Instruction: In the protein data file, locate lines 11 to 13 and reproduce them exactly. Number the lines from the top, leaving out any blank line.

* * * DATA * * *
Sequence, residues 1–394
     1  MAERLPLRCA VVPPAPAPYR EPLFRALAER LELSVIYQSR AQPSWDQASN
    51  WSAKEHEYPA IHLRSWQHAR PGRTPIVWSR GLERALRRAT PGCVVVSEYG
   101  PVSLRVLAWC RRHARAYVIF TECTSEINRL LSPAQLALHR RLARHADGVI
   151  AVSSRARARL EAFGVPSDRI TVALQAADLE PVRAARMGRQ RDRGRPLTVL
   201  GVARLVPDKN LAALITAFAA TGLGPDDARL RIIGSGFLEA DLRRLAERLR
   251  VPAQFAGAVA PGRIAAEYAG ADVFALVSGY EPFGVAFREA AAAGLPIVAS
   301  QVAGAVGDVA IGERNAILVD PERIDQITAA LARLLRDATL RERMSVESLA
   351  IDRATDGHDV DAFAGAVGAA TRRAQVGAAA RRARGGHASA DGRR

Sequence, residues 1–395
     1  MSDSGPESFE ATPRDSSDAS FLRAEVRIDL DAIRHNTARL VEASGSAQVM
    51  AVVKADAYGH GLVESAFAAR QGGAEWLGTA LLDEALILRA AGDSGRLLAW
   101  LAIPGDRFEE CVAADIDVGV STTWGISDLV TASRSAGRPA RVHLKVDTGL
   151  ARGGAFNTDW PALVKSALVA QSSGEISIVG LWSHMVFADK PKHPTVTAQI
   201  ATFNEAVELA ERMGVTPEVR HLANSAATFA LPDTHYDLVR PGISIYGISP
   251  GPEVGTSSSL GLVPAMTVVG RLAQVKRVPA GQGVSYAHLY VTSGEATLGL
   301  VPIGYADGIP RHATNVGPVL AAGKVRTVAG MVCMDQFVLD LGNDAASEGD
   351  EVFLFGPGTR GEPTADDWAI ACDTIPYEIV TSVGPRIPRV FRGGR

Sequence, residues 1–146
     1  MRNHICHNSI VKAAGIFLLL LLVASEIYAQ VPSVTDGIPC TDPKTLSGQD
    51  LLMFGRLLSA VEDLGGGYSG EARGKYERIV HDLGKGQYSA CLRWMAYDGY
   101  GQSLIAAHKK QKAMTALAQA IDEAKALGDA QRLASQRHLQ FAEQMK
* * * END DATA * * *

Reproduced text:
     1  MSDSGPESFE ATPRDSSDAS FLRAEVRIDL DAIRHNTARL VEASGSAQVM
    51  AVVKADAYGH GLVESAFAAR QGGAEWLGTA LLDEALILRA AGDSGRLLAW
   101  LAIPGDRFEE CVAADIDVGV STTWGISDLV TASRSAGRPA RVHLKVDTGL